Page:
Circe Olson Woessner
Recently on Facebook, a friend mentioned the difficulties of talking about her military childhood because people think she’s bragging when she speaks about having lived overseas. She admits, “I rarely bring it up any more.”
As the Director of the Museum of the American Military Family, I tell people that in order to understand history, one needs to see it from all perspectives. Military families have often been present during historic events, but much of the time, their experiences are not widely shared.
My husband was overseas conducting multinational exercises on September 11, 2001. I was driving to work listening to the radio when the news of the attacks came over the airways. I remember initially thinking it was a remake of that old radio show, “War of the Worlds.” As it sunk in that it was real, I realized I’d better pick up my kids from their off-base schools, as the base we lived on would go on lock-down. Our lives were about to change. Read the rest of this entry »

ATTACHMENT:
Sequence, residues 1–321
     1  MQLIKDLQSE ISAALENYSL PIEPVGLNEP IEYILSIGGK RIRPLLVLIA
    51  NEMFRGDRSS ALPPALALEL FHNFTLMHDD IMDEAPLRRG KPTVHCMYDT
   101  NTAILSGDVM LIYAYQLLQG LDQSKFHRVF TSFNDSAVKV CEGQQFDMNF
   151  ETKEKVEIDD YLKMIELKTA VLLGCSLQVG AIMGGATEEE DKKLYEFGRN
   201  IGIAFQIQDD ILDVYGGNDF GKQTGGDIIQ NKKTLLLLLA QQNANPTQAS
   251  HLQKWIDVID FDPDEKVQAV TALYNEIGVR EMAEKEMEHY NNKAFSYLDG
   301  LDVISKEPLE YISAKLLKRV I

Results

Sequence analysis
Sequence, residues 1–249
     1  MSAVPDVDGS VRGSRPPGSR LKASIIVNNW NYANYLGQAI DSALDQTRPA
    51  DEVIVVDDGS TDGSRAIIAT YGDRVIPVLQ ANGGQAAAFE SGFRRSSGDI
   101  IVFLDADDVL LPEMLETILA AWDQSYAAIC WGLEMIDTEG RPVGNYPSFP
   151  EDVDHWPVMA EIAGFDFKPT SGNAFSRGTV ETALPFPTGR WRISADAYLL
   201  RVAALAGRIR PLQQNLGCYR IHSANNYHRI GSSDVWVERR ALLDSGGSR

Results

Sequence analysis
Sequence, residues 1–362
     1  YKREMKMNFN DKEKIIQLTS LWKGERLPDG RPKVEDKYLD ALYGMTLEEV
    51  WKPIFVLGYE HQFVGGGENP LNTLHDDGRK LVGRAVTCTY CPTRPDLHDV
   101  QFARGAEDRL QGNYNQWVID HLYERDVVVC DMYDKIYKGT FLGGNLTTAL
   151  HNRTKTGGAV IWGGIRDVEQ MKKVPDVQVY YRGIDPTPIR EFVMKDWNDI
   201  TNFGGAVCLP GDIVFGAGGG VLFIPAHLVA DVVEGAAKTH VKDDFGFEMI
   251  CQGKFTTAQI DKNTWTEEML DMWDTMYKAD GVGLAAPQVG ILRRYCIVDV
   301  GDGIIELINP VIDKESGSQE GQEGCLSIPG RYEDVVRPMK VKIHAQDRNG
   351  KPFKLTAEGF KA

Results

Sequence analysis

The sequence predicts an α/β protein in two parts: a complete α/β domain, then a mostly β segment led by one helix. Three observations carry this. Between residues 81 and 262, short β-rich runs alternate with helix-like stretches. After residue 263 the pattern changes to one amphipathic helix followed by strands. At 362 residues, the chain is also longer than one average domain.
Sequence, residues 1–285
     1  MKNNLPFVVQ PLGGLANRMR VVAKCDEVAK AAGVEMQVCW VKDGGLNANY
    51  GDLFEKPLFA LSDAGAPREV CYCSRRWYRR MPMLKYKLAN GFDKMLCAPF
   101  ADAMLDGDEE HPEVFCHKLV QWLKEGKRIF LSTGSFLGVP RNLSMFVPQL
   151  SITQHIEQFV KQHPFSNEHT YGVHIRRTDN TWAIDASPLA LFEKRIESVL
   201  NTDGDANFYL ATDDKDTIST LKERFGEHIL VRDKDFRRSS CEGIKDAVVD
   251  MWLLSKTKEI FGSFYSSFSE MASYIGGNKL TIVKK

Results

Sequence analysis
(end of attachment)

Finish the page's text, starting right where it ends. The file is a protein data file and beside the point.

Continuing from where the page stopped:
Ninety-three years ago today, on September 14, 1923, the National Home for Disabled Volunteer Soldiers (VHA’s origins) approved the first hospital spaces for women veterans.
Hospitalization and medical care for women who served as Army or Navy nurses during World War I were first authorized as part of Public Law 65-326 on March 3, 1919, just a few months after the Armistice. It was the third time in history that federal veterans benefits had been extended to women nurses who served with U.S. military forces as contractors or employees during wartime. The first federal benefit—pensions–was authorized in 1892 for women nurses who provided support to the U.S. military during the Civil War. In 1897 Congress approved the right to burial in national cemeteries for the same group. Although the 1919 law gave women nurses the right to medical care, no facilities were prepared to accept them.